And I believe with Colonel Rubino meant to say was that throughout this thing we were very conscious of the fact that we were there in a supporting role and a partnership role with the Japanese and that we followed their lead. We did not step out in front and do anything that wasn’t at the request of the Japanese Government, and I believe that was the point that he was trying to make throughout the operations.
QUESTION: So when you said it was stressed to you, was that stressed to you by the Japanese authorities that you would be in the supporting role?
COL TOTH: No. It wasn’t stressed by the Japanese authorities. I believe it was just from the U.S. military’s perspective we very much knew that we were there at the request of the Japanese Government to support the Japanese Government and that this wasn’t an operation where we had the lead. And I think it was just generally understood and discussed amongst the military leaders that were involved that we were there to help support the Japanese and in that supporting role, we were very aware that they had the lead and that we would follow their leadership.
QUESTION: Thank you.
COL TOTH: Yes, sir.
MODERATOR: Another question?
QUESTION: Colonel, this is Scott Stewart with Sankei Shimbun. I have a small detailed question about the – when you arrived at Matsushima, I read in one account that the Humvees and the special operations group arrived by air drop, that –
COL TOTH: Yes. That’s incorrect.
QUESTION: Okay. You didn’t drop Humvees.
COL TOH: No. We did not. We actually landed there at Matsushima Airfield. They have two runways. The main runway was still covered with significant debris and was closed. There was about 4,900-foot airstrip that was largely clear of debris. We coordinated with the Japanese Air Self-Defense Force to clear some of that debris from the runway and they were actually able to come in and land and offload those Humvees and the personnel after landing there at Matsushima. And those Humvees, along with some vehicles and escorts provided by the Japan Air Self-Defense Force at Matsushima provided the convoy over to Sendai Airport.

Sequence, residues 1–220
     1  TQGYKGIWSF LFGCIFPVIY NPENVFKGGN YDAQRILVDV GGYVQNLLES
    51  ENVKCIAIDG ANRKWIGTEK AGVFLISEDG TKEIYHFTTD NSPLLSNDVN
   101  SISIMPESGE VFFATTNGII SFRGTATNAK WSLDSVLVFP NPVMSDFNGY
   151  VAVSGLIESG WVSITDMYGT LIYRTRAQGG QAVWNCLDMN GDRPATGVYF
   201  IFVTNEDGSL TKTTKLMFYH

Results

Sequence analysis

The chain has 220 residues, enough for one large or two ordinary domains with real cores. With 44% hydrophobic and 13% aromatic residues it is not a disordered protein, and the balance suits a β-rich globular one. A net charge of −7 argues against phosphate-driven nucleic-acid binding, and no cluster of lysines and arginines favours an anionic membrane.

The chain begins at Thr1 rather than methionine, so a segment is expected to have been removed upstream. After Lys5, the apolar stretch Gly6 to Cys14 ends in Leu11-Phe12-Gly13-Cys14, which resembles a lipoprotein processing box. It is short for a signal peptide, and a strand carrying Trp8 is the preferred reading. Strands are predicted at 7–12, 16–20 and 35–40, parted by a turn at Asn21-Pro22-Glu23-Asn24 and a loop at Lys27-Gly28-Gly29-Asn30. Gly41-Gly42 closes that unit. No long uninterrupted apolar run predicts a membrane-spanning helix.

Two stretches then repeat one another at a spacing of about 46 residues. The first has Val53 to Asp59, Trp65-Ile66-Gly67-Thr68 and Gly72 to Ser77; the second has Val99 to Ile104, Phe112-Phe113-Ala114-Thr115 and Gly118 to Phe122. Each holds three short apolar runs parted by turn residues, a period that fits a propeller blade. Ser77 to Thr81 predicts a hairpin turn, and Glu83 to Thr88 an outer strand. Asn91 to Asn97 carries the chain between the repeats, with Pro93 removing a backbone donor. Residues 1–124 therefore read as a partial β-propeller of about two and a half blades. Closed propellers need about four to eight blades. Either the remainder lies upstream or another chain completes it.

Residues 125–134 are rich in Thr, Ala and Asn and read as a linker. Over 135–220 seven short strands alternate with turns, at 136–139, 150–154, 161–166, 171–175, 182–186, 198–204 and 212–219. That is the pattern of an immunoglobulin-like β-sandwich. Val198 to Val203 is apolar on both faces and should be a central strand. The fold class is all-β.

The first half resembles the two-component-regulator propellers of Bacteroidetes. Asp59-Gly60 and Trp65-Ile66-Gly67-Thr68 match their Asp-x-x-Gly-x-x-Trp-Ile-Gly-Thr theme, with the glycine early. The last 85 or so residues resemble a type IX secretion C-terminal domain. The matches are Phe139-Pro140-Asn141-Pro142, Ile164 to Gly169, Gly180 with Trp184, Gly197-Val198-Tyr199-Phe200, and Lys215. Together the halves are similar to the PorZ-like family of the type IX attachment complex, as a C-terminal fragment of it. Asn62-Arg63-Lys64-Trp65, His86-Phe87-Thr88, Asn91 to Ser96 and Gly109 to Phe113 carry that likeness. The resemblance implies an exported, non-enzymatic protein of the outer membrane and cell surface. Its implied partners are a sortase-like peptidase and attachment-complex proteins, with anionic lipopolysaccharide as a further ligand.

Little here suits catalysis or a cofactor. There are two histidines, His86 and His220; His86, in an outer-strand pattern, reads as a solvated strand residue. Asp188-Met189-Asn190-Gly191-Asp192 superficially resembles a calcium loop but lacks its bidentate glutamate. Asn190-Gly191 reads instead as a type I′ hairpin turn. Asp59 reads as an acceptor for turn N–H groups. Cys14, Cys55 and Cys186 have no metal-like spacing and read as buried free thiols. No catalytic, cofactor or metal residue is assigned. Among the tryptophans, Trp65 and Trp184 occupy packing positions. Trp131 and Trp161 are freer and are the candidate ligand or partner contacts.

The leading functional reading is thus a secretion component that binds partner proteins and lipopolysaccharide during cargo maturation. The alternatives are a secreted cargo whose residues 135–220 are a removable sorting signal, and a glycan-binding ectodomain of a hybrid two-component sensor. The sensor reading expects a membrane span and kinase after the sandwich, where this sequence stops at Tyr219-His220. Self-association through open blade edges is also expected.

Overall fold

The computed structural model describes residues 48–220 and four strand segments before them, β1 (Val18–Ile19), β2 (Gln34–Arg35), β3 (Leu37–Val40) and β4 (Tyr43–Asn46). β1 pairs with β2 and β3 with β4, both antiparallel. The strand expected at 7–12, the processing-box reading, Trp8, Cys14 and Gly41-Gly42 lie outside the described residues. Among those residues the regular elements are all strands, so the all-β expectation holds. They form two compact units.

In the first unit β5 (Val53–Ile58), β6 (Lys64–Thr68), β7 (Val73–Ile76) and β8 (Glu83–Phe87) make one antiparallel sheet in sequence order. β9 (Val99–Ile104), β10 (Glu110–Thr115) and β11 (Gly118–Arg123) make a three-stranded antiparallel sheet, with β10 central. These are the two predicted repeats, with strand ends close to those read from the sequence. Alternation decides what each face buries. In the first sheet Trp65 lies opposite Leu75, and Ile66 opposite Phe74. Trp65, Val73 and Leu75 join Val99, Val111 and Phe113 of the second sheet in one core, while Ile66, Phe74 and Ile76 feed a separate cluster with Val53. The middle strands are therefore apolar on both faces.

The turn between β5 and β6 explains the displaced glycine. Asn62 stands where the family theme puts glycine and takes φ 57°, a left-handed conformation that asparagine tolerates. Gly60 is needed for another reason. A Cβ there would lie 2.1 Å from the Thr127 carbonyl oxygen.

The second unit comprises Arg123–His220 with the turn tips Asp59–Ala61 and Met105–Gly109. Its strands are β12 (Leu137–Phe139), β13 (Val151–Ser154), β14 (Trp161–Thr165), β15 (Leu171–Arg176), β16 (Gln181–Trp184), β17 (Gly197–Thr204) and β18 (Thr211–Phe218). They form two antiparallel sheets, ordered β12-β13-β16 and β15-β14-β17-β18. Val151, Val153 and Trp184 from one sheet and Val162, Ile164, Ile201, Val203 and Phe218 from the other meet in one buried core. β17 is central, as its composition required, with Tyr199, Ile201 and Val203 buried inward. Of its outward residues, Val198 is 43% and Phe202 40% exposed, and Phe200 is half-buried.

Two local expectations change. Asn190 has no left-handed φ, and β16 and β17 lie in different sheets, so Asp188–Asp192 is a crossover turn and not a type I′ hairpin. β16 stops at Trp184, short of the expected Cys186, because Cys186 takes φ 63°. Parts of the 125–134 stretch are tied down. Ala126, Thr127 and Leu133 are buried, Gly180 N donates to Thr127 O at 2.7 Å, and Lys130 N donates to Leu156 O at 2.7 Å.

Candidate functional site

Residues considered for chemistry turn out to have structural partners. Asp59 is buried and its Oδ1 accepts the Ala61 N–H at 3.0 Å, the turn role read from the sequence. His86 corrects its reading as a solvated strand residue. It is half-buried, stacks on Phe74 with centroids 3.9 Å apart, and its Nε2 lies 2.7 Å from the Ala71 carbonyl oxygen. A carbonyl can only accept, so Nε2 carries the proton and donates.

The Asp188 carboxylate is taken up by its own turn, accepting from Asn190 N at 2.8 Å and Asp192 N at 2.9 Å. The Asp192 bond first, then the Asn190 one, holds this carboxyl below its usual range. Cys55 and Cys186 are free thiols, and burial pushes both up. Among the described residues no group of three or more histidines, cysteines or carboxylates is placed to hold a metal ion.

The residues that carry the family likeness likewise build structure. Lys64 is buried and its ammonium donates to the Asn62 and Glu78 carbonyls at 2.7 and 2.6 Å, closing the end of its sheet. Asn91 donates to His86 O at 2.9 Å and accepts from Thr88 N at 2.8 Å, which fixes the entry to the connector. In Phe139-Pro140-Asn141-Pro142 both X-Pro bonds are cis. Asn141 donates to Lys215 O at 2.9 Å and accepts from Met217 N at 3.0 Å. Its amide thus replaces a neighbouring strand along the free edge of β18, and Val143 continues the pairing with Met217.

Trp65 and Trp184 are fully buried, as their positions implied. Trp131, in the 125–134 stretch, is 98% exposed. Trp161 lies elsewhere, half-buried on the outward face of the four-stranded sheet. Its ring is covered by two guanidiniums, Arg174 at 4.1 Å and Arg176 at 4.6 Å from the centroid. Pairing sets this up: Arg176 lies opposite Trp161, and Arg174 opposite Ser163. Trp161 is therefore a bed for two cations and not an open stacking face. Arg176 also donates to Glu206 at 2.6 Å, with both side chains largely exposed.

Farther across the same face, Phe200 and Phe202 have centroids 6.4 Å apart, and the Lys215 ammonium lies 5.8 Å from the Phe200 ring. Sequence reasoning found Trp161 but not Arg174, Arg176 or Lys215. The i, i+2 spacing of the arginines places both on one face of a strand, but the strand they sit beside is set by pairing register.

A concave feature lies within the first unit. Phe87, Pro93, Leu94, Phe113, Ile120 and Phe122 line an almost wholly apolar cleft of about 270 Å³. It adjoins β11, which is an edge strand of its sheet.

QUESTION: So Humvees came in by helicopter?
COL TOTH: No, by C-130.
QUESTION: Oh, okay.
COL TOTH: We used – on the 16th of March, we used four MC-130s from the three 353rd Special Operations Group to conduct operations at Matsushima and Sendai Airport.
QUESTION: Okay. Thank you.
COL TOTH: But Sendai Airport on the 16th was still covered with far too much debris to safely land any airplanes at Sendair Airport, and so that’s why we found Matsushima Airport was relatively close to Sendai, and we used that as a staging base to land our initial vehicles and personnel and drive over to Sendai. And then, once we were able to clear a significant portion of the runway, we were able to actually land C-130s later that day at Sendai and then bring in heavier equipment and additional personnel and relief supplies to be able to finish clearing the airfield and actually bring it up to the state where it was – where it is today.
The big milestones that I forgot to mention, too, were that on the first of April was when we actually transitioned all air traffic control service from U.S. Air Force Combat Controllers back over to Japanese Civil Aviation Bureau members that were controlling air traffic services from a mobile tower on Sendai Airport. And from the first of April, up to about the 6th of April, our combat controllers worked side by side with the Japanese air traffic controllers to control airplanes coming in and out of the airfield. And on the 6th of April, the majority of the U.S. personnel from the U.S. Air Force and U.S. Marines actually departed Sendai Airport, and only left behind a small contingent of U.S. Army personnel that were providing logistics support in the form of bathrooms, generator power, and some water to the Japanese authorities that were still working there at the airport, and also handled some logistics support for additional relief operations that were coming in. And as all of you know, on the 13th of April was when the first commercial aircraft all began to land again at Sendai Airport. I believe at 8 a.m. in the morning, the first commercial aircraft landed there at Sendai Airport. And as of right now, there’s only a handful of U.S. military personnel there, U.S. Army, and they are soon transferring out as well.